Regulators finally took an important first step in addressing the surge in debt last year, when they decided to clamp down on leverage by making it more difficult for the most indebted property developers to borrow. For years, these developers had been in a race to borrow as much as they could, not just from banks but also from customers, suppliers, and contractors. They had used these funds to acquire as much property as they could, and as long as real estate prices could be counted on to rise forever, they took little credit risk and were always able to sell at a profit.

But with the property sector accounting for 20 to 30 percent of all economic activity, it was inevitable that any sharp contraction in real estate would quickly become self-reinforcing and would lead to a substantial—and very unwelcome—slowdown in economic activity. What was perhaps unexpected after last year’s clampdown on the property sector’s borrowing was the extent to which financial distress spread to other parts of the economy. This was especially true for local governments, for which land sales were the largest single source of revenues; households, which suddenly began to worry that prices wouldn’t rise indefinitely; and businesses directly and indirectly affected by insolvency in the property sector.

With growing concerns about the pace of China’s economic slowdown, Beijing can respond only in limited ways. One option is to return to the days of rapid, debt-fueled growth, either by attempting to revive the property sector or by making up for its decline by significantly increasing spending on infrastructure. Local governments have been eager, almost desperate, to revive the property market, but it may be too late for that if homebuyers’ expectations that home prices in China can keep rising have been permanently punctured.

What is more, officials in Beijing seem very reluctant to return to the old ways of doing business in which developers took on enormous amounts of debt to finance speculative new projects. With Chinese residential real estate priced at roughly three times the comparable level in the United States, and with the property sector representing such an extraordinarily high share of total economic activity, most economic policymakers have long wanted to see the market cool down.

High investment rates weren’t always a bad thing for China.

More likely is that the Chinese government will compensate for the adverse impact of a slower and smaller property market, at least partly, by stepping up spending on infrastructure. Beijing already seems willing to follow this path and has told local governments that they must accelerate or increase their infrastructure spending plans, or both.

But building more bridges and high-speed railway systems still means allowing growth to be driven mainly by nonproductive investment, as it has been during the past decade. This will cause China’s debt burden to continue to rise and resources to be misallocated until the economy can no longer sustain the consequences. When that has happened in previous cases, the result has usually been a very disruptive adjustment, often in the form of a financial crisis akin to Brazil’s in the early 1980s.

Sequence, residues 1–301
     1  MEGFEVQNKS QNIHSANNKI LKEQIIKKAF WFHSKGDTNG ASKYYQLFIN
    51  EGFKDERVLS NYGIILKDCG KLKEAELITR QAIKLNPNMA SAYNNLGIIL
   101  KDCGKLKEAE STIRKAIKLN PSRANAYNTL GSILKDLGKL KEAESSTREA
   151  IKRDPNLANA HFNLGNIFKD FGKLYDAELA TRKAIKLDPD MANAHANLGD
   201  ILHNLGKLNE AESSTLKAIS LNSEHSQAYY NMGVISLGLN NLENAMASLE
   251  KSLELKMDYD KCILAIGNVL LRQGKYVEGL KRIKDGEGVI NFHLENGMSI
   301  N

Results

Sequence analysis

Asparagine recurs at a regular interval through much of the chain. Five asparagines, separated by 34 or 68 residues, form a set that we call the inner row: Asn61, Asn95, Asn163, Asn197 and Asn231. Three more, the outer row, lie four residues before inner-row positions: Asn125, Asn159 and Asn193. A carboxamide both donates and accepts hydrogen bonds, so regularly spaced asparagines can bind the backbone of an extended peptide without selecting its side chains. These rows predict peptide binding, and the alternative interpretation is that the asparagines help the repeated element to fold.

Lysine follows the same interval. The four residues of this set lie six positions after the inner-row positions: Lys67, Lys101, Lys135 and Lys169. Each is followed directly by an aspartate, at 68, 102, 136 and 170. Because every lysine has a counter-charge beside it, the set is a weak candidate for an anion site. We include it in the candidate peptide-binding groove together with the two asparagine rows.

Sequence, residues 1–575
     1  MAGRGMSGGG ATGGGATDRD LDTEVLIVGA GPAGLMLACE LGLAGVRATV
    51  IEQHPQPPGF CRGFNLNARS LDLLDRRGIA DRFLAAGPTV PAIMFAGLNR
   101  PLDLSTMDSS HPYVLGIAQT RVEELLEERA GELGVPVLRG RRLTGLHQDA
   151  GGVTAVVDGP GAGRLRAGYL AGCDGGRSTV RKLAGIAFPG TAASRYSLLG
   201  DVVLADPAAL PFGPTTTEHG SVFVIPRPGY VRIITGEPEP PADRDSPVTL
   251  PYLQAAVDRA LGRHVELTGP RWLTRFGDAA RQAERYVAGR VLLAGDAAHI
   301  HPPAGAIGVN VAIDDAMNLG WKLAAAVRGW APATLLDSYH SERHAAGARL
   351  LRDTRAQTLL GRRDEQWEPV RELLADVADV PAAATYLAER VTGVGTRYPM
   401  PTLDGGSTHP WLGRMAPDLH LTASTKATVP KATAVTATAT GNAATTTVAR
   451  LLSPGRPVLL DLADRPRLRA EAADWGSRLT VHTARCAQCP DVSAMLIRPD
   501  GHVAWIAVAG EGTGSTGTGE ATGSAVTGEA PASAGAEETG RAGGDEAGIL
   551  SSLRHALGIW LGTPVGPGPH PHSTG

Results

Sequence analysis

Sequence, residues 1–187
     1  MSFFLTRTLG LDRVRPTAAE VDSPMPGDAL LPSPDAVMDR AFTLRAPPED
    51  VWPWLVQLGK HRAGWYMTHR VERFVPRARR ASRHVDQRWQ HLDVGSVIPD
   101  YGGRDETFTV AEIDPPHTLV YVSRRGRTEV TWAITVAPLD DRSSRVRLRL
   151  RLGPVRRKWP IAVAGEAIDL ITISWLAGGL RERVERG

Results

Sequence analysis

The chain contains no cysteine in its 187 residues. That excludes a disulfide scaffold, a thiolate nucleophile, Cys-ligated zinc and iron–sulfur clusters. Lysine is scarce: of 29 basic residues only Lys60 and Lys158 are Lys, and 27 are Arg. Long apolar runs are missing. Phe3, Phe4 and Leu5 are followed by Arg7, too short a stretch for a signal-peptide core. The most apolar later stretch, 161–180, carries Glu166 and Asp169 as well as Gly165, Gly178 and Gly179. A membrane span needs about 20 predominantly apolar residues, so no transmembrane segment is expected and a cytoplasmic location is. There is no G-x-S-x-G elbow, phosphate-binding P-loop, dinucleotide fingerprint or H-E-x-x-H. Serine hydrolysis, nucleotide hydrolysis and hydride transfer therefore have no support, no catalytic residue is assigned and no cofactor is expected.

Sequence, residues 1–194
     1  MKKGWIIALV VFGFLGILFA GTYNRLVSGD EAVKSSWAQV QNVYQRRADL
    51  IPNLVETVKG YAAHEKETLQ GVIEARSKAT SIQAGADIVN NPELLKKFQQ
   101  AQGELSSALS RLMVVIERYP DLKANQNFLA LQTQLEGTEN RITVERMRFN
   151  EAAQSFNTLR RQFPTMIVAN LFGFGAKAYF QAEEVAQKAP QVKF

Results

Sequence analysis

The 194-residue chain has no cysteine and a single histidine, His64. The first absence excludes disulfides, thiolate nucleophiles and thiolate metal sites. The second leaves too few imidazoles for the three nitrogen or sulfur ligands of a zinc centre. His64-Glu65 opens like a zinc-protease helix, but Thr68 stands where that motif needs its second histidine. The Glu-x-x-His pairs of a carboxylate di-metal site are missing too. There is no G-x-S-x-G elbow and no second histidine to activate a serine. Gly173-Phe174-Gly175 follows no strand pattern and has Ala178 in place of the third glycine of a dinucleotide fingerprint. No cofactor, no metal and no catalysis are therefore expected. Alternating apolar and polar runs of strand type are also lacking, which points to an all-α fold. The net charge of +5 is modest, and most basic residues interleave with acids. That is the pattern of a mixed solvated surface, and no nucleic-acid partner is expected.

The second option for Beijing is to maintain high growth by rebalancing the economy increasingly toward consumption. Beijing has been trying to do this since at least 2007, but an increase in consumer spending requires an increase in the share that households retain of GDP. Ordinary people, in other words, would have to receive a larger share of what the economy produces in the form of higher wages, stronger pensions, more welfare benefits, and so on, and this would have to be paid for by Beijing and local governments by giving up some of their share of GDP.

Such an adjustment is extremely difficult to accomplish politically. The distribution of political power in China, as in any country, is partly the consequence of the distribution of economic power, and a major shift in the latter would almost certainly set off a commensurate shift in the former. That doesn’t mean it cannot happen, but so far there is no evidence that China will manage a rebalancing of the distribution of income that other countries with similar problems have been unable to achieve.

China’s debt burden began to surge around 2006 to 2008.

Finally, if Beijing is determined to act now to control the unsustainable increase in debt and is unable to rebalance the economy, the third option is simply for Beijing to allow GDP growth rates to fall sharply, probably to below three (or even two) percent. If handled correctly, most of the cost of this decline will fall on the government sector and not on households, so this won’t matter too much to ordinary people, but it does mean slower growth for the Chinese economy overall and especially in the state apparatus.

After almost three decades with the highest investment share of GDP in history, too much of China’s investment is directed, by necessity, to projects that create economic activity (and debt) but that do not create real economic value. That is why it is unlikely that China can still productively continue to invest anywhere near the same amount every year.

In that case, China’s only options are to bring down investment rapidly and accept the consequences of much lower growth or to maintain high levels of growth by forcing continued high rates of investment until the resulting surge in its debt burden makes it difficult or impossible to stay on that path. One way or another, in other words, Chinese growth will slow sharply, and the way in which it does will have profound consequences for the country, the CCP, and the global economy.